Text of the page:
Postoperative pain amplifies the surgical stress response and organ dysfunction and delays recovery. [57] It hinders postoperative mobilisation and the resumption of daily activities. Major surgical procedures with high intensity pain therefore require the use of invasive analgesic methods, such as continuous epidural analgesia, to hasten recovery. [58] Based on a systematic review of postoperative analgesia, the effect of choice of postoperative analgesia on postoperative mortality or morbidity has not been established. However, the use of epidural analgesia along with local anaesthetics has been repeatedly associated with faster resolution of postoperative ileus after major abdominal surgery. The site of an epidural must be appropriate to the level of surgical incision. It is advisable to remove epidural catheters before 3 days elapse following their placement and to avoid repositioning or removal and replacement as there is a substantial risk of infection. [59] Supplemental non-steroidal anti-inflammatory drugs can be used to treat pain not covered by the epidural.

Multi-modal analgesia combines multiple agents, opioid with non-opioids, like ketorolac and provides successful pain control with good patient satisfaction and decreased postoperative urinary retention. [60],[61],[62] The principle of multi-modal or balanced analgesia is to gain additive effects from different modalities of pain control while minimising the side effects, particularly those of opioids (such as sedation, nausea, ileus and urinary retention), which hamper both early mobilisation and enteral nutrition. Several agents such as non-steroidal anti-inflammatory drugs, COX-2 inhibitors, ketamine, gabapentin and local anaesthetics have been evaluated for their utility in reducing the use of opioids for analgesia. [27] Optimal management of acute pain following major procedures is a prerequisite for fast-track surgery as it facilitates early discharge. Hospital-level pain management protocols should be established along with regular evaluation of pain and its documentation.

Early enteral nutrition

The importance of patient nutrition has been emphasised in the preoperative period. Adequate postoperative nutrition is equally important as it enhances wound healing, reduces fatigue and muscle wasting and the risk of infection. Oral intake is traditionally limited in the postoperative period and involves a gradual transition from liquid to solid feeds. Especially in cases of bowel anastomosis, caution is usually exercised while proceeding with oral feeds. However, several studies have shown that early oral intake is safe even after bowel resection, [63] as early enteral nutrition reduces gut permeability, which also reduces infection by reducing bacterial translocation. [1],[64] Limiting oral intake in the postoperative period is not necessary even after colonic procedures using an anastomosis if epidural anaesthesia is used as it attenuates ileus.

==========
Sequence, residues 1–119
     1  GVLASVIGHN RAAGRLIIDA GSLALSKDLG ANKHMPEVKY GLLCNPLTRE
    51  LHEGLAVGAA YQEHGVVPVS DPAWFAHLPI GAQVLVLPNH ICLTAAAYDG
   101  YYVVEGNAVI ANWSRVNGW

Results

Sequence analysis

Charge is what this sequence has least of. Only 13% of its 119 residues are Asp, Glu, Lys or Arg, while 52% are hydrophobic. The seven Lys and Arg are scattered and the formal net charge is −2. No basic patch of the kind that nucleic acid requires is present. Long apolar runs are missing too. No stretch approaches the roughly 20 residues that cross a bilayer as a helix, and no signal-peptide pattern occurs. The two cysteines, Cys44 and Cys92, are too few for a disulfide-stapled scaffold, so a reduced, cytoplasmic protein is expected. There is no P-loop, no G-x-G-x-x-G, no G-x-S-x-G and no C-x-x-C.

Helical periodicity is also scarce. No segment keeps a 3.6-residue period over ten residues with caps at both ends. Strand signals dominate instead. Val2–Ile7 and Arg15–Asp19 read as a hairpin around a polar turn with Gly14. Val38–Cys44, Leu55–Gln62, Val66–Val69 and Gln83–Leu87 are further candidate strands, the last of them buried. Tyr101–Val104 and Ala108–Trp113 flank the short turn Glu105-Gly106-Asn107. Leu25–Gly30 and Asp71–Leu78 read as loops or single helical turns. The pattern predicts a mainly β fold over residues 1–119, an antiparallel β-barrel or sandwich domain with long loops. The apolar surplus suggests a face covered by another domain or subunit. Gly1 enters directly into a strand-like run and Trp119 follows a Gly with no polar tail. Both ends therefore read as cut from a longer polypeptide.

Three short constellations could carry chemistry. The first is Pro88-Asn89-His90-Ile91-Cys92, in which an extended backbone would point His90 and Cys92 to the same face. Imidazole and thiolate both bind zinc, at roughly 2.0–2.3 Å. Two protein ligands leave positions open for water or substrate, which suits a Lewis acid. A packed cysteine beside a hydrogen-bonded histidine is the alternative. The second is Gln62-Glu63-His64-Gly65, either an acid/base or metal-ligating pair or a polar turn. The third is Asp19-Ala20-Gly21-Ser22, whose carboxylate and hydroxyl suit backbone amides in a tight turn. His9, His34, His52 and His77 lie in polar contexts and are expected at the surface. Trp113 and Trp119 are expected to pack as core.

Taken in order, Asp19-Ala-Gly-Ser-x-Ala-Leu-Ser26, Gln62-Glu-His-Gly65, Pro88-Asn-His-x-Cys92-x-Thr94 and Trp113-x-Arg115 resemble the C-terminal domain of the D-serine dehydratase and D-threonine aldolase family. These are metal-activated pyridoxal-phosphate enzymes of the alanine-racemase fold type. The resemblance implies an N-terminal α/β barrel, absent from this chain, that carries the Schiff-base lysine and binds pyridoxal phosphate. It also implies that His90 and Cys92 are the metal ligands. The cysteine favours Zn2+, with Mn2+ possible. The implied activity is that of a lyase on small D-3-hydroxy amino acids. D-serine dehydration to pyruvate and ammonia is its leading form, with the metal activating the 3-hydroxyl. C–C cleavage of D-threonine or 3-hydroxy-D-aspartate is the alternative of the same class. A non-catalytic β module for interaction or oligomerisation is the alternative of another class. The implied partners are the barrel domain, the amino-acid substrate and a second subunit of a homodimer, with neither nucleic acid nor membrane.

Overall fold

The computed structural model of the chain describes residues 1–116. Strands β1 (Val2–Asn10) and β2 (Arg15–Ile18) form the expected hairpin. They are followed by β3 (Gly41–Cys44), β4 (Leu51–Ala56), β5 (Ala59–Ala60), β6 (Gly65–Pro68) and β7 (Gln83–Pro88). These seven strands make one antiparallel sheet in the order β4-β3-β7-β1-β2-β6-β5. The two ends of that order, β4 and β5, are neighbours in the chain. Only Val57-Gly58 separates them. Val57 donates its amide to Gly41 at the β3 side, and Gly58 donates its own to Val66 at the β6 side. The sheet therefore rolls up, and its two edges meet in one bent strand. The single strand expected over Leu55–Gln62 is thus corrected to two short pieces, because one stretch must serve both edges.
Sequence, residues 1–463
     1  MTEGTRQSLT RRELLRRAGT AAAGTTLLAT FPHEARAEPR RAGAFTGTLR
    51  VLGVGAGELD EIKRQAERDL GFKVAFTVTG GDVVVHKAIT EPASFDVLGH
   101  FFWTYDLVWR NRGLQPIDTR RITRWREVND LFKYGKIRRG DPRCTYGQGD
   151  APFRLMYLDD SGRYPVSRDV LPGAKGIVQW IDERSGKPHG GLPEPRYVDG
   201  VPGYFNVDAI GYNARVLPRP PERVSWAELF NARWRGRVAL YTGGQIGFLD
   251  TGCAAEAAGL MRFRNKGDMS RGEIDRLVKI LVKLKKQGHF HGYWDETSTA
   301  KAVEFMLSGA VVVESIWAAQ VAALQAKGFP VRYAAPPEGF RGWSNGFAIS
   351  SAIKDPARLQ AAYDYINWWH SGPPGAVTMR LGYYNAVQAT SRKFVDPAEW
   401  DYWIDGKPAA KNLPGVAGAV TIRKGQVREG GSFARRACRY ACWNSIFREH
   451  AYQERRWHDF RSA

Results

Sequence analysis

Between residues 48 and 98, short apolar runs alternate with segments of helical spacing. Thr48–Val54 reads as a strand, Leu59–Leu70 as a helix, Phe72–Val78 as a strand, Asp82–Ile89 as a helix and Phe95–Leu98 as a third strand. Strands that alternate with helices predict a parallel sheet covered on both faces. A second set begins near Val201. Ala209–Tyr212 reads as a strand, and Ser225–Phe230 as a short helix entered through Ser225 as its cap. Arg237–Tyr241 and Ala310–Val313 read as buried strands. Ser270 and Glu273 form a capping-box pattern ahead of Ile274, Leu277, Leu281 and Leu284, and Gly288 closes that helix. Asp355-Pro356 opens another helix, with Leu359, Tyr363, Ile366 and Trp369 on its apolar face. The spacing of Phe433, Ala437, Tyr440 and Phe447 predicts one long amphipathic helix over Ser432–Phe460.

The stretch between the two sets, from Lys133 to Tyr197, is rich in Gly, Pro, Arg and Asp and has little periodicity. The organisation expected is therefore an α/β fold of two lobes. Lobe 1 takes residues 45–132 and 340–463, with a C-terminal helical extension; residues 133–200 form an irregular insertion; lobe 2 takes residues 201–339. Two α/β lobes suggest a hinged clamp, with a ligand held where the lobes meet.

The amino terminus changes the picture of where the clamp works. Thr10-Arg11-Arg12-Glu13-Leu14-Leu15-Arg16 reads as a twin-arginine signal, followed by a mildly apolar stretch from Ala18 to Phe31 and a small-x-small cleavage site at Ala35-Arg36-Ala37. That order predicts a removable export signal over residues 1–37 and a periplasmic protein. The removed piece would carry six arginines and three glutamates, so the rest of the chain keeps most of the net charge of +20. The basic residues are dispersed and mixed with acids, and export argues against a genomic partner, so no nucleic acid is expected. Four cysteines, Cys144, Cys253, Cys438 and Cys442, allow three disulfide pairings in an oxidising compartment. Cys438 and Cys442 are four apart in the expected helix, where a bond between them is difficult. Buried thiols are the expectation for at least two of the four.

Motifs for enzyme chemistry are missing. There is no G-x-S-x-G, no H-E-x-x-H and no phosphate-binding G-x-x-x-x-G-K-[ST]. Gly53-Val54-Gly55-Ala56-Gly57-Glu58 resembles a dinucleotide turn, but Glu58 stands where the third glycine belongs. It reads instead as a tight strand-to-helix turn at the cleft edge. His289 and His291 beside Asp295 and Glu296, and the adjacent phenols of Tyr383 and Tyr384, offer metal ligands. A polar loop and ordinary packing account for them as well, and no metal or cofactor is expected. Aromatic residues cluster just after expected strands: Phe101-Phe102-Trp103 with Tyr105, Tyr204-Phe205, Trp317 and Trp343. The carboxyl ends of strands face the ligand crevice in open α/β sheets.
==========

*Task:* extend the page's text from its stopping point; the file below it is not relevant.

Postoperative ileus, which is predominantly caused by a combination of inhibitory neural sympathetic visceral reflexes and the intestinal inflammatory response, increases pain and discomfort and delays early mobilisation and oral intake. It may be considerably alleviated by a combination of epidural local anaesthetics, opioid-sparing analgesia, minimally invasive surgery, minimising bowel handling, avoidance of routine nasogastric tubes, early feeding and pharmacotherapy. [62],[65] The greatest reduction in postoperative ileus will occur when all these methods are incorporated into a multi-modal rehabilitation strategy.

Tubes and drains

Several trials and meta-analyses [50],[66] have confirmed the lack of added benefit in utilising nasogastric tubes as a routine. They should be particularly avoided in a fast-track programme as they have been found to increase the incidence of pneumonia in addition to extending the duration of hospital stay. Patients managed without nasogastric tubes need fewer days to resume oral intake. [67] Oral intake can often be successfully initiated 6 hours following surgery. [7] Studies have also advocated against the routine use of surgical site drains as they may slow the return of bowel function and hinder effective pain control. [1],[68],[69],[70],[71]